With twenty years of experience working in the criminal justice system I was curious about the opportunity presented by the Local Crime and Justice Board (LCJB) to co-opt two new board members from the voluntary, community and social enterprise sector (VCSE) to represent Devon and Cornwall. Having worked in partnership with Hannah Hart who is the Business Manager for the LCJB before on various partnership projects I knew roughly what the LCJB had responsibility for and what their priorities were. I reflected that having worked for 14 years in statutory services and 6 in the VSCE I would have the right sort of experience to work in this forum. I'm also fiercely passionate about getting it right for the people who come into contact with the criminal justice system and saw this as an opportunity to influence change and better represent the people we work with. Therefore, I applied for the role and am delighted to have been offered the Devon position. The aim of this blog is to share my journey with you as I take on this new role. I want to demystify the work which is being done, share with you the progress that is being made and highlight some of the challenges to our sector and that of statutory services with the express aim of reducing misunderstandings and fostering a collaborative enterprise. I will try to offer personal reflections and share with you what I have learnt in this blog and some of the implications for my practice and leadership. I will try to avoid jargon and say it like it is. 

My first board meeting will be in August, but I have already begun to get stuck in by trying to deepen my knowledge about the broad VCSE sector in Devon and the South West. Looking at the pivotal and highly useful yearly survey published by Clinks called The State of the Sector[i], it is clear to me that the VCSE and statutory services share some of the same significant challenges like working relentlessly in difficult circumstances to support increased numbers of people coming to their services with more complex and urgent needs. However, unlike statutory services organisations in the VCSE sector have no recourse to public funds and often must rely heavily on philanthropy and grant funding to do the vital work they do. But given these challenges there are still great opportunities to collectively make a difference together for those most affected by the criminal justice system. One opportunity can be found in the richness, depth and variety of VCSE services delivering in our area. The VCSE is no longer the poor partner, it is vibrant, innovative and far from ‘old fashioned’. This was shown in the last CLINKS survey in 2018, where our area operated a good number of available services in a considerable number of related and interconnected fields. However, given our unique geographical challenges the reality is that services may not be available across the entire area and may be either isolated or concentrated in more urban areas which complicates the potential connectivity and collaboration which could be achieved.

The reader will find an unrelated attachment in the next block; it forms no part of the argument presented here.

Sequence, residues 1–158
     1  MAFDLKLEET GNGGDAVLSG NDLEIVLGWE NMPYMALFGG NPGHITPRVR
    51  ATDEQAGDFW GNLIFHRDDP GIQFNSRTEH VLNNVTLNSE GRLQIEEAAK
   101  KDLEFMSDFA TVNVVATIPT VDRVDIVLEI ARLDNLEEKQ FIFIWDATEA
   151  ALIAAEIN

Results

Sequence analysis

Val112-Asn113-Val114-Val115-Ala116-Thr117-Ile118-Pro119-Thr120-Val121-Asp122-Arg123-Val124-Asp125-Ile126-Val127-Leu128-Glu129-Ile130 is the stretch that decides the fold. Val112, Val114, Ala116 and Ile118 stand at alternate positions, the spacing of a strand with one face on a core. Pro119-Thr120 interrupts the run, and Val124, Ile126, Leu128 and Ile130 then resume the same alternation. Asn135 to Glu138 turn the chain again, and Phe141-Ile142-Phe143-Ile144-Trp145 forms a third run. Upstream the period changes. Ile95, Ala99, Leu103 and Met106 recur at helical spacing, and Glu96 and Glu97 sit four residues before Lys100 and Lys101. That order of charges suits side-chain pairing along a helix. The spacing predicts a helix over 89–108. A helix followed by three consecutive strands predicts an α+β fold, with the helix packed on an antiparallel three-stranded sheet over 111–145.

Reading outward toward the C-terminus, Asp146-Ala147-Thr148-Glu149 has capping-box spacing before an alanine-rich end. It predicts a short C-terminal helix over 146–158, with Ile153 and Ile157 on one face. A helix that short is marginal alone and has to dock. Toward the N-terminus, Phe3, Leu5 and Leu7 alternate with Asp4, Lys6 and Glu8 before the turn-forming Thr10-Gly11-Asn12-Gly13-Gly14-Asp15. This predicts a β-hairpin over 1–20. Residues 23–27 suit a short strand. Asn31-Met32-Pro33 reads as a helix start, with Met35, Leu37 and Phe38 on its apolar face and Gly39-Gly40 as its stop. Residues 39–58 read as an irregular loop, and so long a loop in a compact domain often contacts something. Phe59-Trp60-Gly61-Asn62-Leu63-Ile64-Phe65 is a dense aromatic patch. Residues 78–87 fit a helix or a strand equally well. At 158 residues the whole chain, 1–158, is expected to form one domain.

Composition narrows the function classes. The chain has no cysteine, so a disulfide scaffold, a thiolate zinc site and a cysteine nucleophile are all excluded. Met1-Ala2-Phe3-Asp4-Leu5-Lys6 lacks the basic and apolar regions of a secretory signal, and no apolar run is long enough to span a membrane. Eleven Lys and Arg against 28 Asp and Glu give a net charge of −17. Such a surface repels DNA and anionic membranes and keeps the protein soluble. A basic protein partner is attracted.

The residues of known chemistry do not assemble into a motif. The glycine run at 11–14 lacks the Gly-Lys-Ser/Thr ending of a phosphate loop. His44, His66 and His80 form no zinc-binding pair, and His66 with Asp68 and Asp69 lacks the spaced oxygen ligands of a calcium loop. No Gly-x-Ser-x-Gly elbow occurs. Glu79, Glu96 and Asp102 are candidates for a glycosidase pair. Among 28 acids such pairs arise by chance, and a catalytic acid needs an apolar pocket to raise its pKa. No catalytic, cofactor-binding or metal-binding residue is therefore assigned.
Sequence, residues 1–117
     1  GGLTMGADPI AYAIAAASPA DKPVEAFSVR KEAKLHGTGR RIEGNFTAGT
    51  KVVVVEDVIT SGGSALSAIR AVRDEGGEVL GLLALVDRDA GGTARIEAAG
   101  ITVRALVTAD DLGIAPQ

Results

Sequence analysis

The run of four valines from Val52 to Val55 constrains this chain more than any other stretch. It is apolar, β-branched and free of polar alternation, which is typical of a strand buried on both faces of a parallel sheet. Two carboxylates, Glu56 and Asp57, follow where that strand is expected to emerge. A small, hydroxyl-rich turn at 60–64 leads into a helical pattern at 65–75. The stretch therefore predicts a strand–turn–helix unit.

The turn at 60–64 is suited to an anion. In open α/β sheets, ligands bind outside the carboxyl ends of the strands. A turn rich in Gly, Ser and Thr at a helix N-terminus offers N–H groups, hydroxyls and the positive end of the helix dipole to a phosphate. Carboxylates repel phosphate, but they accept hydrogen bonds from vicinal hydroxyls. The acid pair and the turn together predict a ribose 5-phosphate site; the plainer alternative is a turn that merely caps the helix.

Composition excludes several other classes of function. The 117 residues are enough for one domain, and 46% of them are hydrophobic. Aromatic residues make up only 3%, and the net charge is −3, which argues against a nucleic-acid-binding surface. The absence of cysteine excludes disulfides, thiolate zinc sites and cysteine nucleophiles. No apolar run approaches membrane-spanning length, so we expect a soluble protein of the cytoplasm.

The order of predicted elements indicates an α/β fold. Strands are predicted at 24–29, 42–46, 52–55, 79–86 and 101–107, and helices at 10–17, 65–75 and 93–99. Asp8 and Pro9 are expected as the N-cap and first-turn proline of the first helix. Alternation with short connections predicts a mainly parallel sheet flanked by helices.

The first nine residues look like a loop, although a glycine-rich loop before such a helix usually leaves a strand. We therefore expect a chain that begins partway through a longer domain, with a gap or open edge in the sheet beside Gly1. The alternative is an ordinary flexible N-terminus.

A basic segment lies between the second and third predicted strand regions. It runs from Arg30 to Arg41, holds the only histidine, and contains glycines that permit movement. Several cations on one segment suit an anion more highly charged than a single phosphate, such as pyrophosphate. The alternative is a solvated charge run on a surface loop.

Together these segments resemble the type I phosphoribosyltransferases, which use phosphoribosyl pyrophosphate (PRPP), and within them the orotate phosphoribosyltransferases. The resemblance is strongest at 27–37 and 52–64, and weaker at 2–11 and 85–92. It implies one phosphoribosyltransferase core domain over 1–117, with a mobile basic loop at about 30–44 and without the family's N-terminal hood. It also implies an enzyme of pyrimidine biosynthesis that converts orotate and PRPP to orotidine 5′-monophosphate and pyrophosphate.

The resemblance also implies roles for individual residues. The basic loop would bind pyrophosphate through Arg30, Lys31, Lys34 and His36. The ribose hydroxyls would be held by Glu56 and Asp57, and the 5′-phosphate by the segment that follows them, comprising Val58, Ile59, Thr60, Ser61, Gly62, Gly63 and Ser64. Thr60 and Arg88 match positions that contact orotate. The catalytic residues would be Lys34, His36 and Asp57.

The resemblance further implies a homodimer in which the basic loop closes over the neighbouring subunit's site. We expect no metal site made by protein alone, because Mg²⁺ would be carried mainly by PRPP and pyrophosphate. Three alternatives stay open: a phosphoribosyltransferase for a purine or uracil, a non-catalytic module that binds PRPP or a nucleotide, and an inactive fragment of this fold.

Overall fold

Many years ago, in the sector we used to have a good idea of who was doing what and there seemed greater opportunities for networking, collaboration and partnership engagement. But of course, times have changed, and resources are stretched. But there is hope as we look toward the innovative work which is going on in places such as Plymouth where an alliance of VCSE and statutory services have formed and are now working together to deliver support services for people with complex needs, trying always to keep them and their needs at the heart of the partnership. I feel immensely proud to work in a charity which is part of this alliance and I am hopeful that other partnerships of this nature will form in the county. 

So I look ahead with apprehension, excitement and an open mind. I feel empowered through this appointment to work with the most senior of leaders in the criminal justice sector to influence decision making, identify opportunities for collaboration and most importantly be the conduit in which the people most affected by the criminal justice system can have their voice heard. I hope you will join me on this personal and professional journey of discovery. Thanks for taking the time to visit my blog.

In the meantime, I would be delighted to hear from you about your thoughts and how we can work together. I want to hear your experiences; the good and the bad. I want to hear about what drives you and what challenges you about working in this sector. What feels good and what doesn’t. I want you to help me to identify opportunities and threats so that I can keep the LCJB appraised of the state of our sector. You can contact me through email, social media, on the telephone or come and say hello if you see me out and about.

Twitter: @DavinaCull Email: [email protected] Phone: 07398177765

[i] https://www.clinks.org/publication/state-sector-2018